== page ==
Maryland prevails over Indiana, 80-68
With a little more than four minutes remaining in the first half Tuesday night, Maryland held possession, down by seven. Senior guard Greivis Vasquez dribbled the ball toward the top of the key and looked toward the opposite end of the court at Coach Gary Williams, who was signaling in the play call from the Terrapins' bench.
Vasquez looked back down to find that the ball had bounced off his foot and was rolling toward the sideline. He corralled it just before it went out of bounds and ended up draining a three-pointer to pull Maryland to within four.
Much like that sequence, Maryland pulled out a victory over Indiana only after nearly losing control and watching things fall apart. The Terrapins' play was disjointed for much of the first half, but they recovered thanks to a familiar defensive adjustment and a little patience on offense.
"In the first half, we would kind of make one pass and then try to go one-on-one or try and get to the basket," senior guard Eric Hayes said. "He told us at halftime that if we were going to win the game we had to be patient on offense and move the ball and if we run a couple cutters, we’ll get open. That’s what we did in the second half."
1) Zone defense. Indiana does not possess what you would call a proficient offense, and yet, the Hoosiers were able to break Maryland's press with relative easy and found ways to break down Maryland's man-to-man defense in the first half. But late in the opening period, the Terrapins switched to a 3-2 zone defense, which upset the Hoosiers' rhythm for the rest of the night.
"It’s always nice to have if you’re struggling covering guys man-to-man," Hayes said. "We can go zone like we did today and slow them down. It was just one of those things that was great for us last year and we’re trying to get it better this year because it hadn’t really worked that great at the beginning of this year. But today it worked great for us."
2) Landon Milbourne. The bad news was that Milbourne's night once again was disrupted by foul trouble. The good news was that the senior forward seemed better equipped to handle such a circumstance against Indiana than he was last week in the Maui Invitational. Rather than remain disengaged after earning two quick fouls, Milbourne stuck with it. He finished with 19 points on 8 of 11 shooting. He also tallied seven rebounds, three steals and two blocks.
3) Sean Mosley. Could have put Greivis Vasquez here. His 23 points, eight assists and five rebounds certainly were valuable to the Terrapins. But he shot 4 for 14 from the field. Mosley, on the other hand, scored (13 points) and shot the ball well (5 for 9 from the field). Mosley also tallied nine rebounds, which were crucial considering Maryland struggled on the boards once again.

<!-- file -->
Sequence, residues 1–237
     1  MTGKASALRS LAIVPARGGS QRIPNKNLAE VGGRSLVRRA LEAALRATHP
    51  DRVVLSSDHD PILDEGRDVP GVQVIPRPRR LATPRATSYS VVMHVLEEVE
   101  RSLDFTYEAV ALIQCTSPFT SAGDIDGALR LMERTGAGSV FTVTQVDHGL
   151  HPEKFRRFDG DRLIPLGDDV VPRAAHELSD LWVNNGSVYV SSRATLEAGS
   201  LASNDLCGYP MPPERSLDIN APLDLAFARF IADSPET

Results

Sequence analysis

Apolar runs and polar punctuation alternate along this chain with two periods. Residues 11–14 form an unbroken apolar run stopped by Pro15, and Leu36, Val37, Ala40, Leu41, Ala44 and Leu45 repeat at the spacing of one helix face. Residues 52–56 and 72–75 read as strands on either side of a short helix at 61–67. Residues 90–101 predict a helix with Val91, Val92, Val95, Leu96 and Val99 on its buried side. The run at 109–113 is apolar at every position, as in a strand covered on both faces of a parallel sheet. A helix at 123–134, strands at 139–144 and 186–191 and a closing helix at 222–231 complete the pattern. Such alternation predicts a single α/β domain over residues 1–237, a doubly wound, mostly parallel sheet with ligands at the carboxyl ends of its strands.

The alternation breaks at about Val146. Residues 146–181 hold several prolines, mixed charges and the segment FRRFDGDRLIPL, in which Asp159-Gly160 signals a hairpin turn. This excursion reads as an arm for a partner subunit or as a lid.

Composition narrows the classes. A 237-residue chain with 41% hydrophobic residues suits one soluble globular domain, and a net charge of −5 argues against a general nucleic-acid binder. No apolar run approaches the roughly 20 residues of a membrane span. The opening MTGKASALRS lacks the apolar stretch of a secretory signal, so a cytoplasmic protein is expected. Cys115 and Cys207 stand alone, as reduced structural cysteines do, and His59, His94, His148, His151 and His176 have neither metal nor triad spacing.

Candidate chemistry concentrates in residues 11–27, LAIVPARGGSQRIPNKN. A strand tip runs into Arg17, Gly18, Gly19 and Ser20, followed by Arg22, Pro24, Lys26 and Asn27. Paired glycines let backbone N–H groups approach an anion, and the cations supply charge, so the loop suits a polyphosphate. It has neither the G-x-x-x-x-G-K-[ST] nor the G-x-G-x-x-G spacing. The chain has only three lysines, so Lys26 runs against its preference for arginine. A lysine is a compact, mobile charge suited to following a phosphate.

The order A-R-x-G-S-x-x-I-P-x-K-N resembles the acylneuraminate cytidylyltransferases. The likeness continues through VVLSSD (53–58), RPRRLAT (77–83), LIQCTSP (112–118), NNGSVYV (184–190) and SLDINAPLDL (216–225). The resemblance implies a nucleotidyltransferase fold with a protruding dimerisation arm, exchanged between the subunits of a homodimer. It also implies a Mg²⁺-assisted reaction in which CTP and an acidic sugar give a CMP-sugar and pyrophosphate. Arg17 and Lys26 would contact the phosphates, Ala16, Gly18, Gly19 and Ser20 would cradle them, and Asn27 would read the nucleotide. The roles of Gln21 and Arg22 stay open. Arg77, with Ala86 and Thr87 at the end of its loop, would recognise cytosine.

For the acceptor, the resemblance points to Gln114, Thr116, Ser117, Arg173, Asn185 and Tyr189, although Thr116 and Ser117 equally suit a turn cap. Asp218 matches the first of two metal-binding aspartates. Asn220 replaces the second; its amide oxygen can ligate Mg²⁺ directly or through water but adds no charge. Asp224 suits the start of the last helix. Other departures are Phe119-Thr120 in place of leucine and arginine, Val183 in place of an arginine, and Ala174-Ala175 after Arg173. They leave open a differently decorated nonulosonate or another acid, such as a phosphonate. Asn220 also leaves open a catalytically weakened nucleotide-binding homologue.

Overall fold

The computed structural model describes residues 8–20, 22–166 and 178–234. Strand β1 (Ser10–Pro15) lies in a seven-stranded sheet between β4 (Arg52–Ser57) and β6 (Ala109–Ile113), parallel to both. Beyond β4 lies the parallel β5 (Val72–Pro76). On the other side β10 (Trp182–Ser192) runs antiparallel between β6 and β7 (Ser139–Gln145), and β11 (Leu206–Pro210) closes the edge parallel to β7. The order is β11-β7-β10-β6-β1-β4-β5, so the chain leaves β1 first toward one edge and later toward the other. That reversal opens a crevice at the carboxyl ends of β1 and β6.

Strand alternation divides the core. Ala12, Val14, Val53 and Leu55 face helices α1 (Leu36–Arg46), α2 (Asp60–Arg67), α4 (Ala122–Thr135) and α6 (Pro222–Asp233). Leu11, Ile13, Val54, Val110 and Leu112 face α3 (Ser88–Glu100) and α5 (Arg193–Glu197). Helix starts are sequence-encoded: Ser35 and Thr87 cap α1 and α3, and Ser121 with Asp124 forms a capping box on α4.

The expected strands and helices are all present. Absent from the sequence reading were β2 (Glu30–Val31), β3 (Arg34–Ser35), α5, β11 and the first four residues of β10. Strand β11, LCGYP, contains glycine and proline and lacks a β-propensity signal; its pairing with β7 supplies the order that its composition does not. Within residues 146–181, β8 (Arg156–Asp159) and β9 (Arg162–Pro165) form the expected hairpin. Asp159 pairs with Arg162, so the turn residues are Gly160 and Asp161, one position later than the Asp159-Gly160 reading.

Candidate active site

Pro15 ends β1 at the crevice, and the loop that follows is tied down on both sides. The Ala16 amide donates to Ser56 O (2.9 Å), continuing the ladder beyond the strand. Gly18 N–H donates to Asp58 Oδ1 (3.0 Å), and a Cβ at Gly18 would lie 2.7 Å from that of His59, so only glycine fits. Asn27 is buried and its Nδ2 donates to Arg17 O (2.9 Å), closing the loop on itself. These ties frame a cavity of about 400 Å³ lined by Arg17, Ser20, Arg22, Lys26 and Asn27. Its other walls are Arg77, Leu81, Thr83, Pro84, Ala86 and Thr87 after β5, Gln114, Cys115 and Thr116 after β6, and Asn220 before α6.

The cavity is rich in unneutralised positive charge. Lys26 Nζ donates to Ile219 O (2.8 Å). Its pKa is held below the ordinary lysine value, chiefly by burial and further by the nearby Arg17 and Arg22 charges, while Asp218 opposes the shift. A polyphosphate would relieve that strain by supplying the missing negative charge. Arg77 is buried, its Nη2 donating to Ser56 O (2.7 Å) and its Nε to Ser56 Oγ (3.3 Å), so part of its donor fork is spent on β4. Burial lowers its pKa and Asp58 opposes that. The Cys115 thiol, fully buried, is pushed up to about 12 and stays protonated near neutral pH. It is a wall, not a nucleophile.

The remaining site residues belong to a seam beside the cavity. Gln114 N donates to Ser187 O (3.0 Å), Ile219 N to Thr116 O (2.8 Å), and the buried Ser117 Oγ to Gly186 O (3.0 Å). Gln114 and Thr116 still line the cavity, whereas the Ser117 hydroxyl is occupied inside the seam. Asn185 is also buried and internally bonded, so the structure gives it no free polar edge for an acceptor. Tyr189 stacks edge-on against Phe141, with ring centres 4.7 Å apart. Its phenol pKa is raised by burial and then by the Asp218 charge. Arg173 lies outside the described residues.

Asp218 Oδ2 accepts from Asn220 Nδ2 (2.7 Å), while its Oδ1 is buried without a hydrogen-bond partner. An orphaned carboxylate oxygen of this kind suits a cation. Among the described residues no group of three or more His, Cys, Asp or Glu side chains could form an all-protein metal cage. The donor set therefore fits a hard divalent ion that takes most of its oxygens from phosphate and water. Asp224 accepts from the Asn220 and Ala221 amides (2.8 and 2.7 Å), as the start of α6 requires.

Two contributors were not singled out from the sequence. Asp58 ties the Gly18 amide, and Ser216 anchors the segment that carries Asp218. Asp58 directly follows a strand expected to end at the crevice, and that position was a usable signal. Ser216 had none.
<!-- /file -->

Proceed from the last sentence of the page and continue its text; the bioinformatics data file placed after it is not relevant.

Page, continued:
1) First 15 minutes. They weren't pretty. For a squad that had to call a team meeting Sunday to address focus and intensity issues, the start to tonight's game nearly looked like a step back. There were a slew of missed close shots, there were sloppy defensive rotations and there was foul trouble. If that sounds familiar, it was the formula for Maryland's two losses last week in Maui. It didn't help that the Terrapins were even more short-handed than usual Tuesday night. Junior guard Cliff Tucker did not play due to what Gary Williams called a "coach's decision."
2) Turnovers. Again, this was primarily an issue in the first half alone. The Terrapins commited 12 of their 18 turnovers before the intermission, a mark that helps explain why Indiana was able to keep up with -- and in fact, lead -- Maryland more than midway through, even though the Hoosiers were not shooting well at all from the field. For a squad that prides itself on discipline, 18 turnovers is a bit much. But in continuing with Maryland's trend of transforming itself at halftime, the Terrapins tallied just six turnovers in the second half.
3) Rebounding. The battle of the boards was won by Indiana, 43-41. Sure, that's a slight margin. But this was a team that Maryland should have been able to handle in the rebounding department. The Terrapins are not the tallest or the biggest bunch, but neither is Indiana. The Hoosiers entered the night with a negative rebounding margin. Freshman forward Jordan Williams pulled down 11 boards, a commendable effort to be sure. But fellow freshman forward James Padgett had just three rebounds. Sophomore forward Jin Soo Choi had two. Maryland has one game left until junior forward Dino Gregory returns from suspension. Judging by the rebounding results of the past few weeks, his services will be much appreciated.
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